Hello, Local Milk readers! I’m Lindy, I share about home and using our hands for meaningful work through my online shop Thimble & Cloth and Instagram. As a PNW native, I’ve learned to consciously incorporate ways to thoroughly enjoy these dreary winters rather than just enduring them and wishing for sunnier days. They almost invite you to stay in, take a bath in the middle of the day, knit at 2 pm, or sit on the floor doing puzzles with your kids. Candlelight only aids in this slowing down. A maker through and through, candlelight becomes even more enjoyable when dipping the tapered candles myself. Making hand-dipped beeswax taper candles is a relatively simple, cost-effective, and worthy way to spend a winter day at home. It’s also a great project with toddler age helpers, (just so long as they understand that the wax is hot!)
Supply List for Making Hand-Dipped Beeswax Taper Candles One pound of beeswax pellets – This amount will yield around ten medium-size tapered candles. You can get this at a local apiary or online. I prefer the pellets over the brick beeswax. They melt much faster, and grating beeswax isn’t a very effective process. I used triple-filtered beeswax pellets for this project, which is considered “cosmetic grade” and is why the candlesticks are white rather than the traditional yellow hue you tend to see. Beeswax Hemp Wick A double boiler system – An old deep and narrow pot that you can dip right from, a tall tin can, or this double boiler I used to melt down the wax on the stovetop before transferring it to a tall slim thermos cup for dipping. Thermos for dipping if separate from the wax pot Utility scissors or knife Small bolt or washers – These weight the wick and ensure a straight taper. A dowel or stick to drape the wicks over – If you are dipping multiple wicks at a time this is helpful to keep the dips even and untangled. Tall vase or bucket of cold water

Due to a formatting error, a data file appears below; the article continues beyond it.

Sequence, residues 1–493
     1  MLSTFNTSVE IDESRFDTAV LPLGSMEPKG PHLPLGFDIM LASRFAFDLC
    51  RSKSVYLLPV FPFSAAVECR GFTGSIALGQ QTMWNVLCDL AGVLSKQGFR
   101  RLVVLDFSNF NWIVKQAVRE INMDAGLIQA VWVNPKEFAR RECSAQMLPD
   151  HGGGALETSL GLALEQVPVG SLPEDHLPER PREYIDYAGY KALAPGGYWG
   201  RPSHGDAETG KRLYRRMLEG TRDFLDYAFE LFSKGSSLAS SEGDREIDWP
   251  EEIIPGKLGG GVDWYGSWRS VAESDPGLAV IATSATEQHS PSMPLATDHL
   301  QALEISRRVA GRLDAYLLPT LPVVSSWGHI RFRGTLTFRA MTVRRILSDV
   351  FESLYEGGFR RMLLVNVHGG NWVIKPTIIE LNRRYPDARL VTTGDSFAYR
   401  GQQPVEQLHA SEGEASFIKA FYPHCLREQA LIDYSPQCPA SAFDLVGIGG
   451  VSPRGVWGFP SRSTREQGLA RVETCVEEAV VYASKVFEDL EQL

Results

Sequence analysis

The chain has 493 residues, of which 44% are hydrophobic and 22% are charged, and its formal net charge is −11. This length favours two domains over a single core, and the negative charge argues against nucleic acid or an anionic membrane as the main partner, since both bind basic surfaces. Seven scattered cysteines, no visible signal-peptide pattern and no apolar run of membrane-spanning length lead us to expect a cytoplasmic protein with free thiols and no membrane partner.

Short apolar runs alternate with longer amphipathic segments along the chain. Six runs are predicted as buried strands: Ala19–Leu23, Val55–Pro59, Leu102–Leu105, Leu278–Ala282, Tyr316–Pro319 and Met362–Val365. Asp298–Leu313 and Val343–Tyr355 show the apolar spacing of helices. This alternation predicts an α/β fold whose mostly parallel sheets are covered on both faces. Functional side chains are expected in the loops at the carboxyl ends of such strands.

The Process for Making Your Hand-Dipped Candles Fill up a saucepan with water, place the double boiler in the pot, and get your water boiling.
2. Pour the beeswax pellets into the double boiler. While the wax melts down, measure, and cut your wick depending on the depth of your wax pot. Tie a small weight to the bottom of the wick. I used a small washer. You can dip two candles at once with one cut of wick by cutting a little more than double the depth of wax pot in length of wick and draping the middle point over a dowel. Depending on how big your wax pot is, you could dip multiple rows of wick at a time. My narrow thermos could only dip one at a time.
3. When the wax has melted, you can either dip right from the stovetop or transfer the wax to a dipping container. I just poured the hot wax right from the double boiler to a tall narrow thermos for dipping with a cold pitcher of water set up next to me.
4. You’ll dip straight up and down into the wax, making sure the little weight is keeping the wick straight. Slowly dip in wax, then dip in cold water. Be sure to wipe away any droplets of water before dipping it back into the hot wax. So dip in wax, dip in cold water, dip in wax, repeat!
5. The little weight at the bottom of the wick will start collecting a big ball of wax. You only need that weight for about five dips before the candle is able to dip straight on its own. Cut it off while the wax is hot with a knife or utility scissors. About 10-15 dips makes a great candle.
6. Make one last clean cut on the bottom before hanging on a doorknob or hook to fully set. The candles should be ready to light and enjoy about an hour later.
There is much to enjoy about those dreary days; stay home and make a hand-dipped beeswax taper candle. Its warm glow will tide you over until spring!
Lindy is a Pacific Northwest native, seamstress, potter, homemaker, mama and shop owner. She shares about home and using her hands for meaningful work through her online shop Thimble & Cloth and Instagram.
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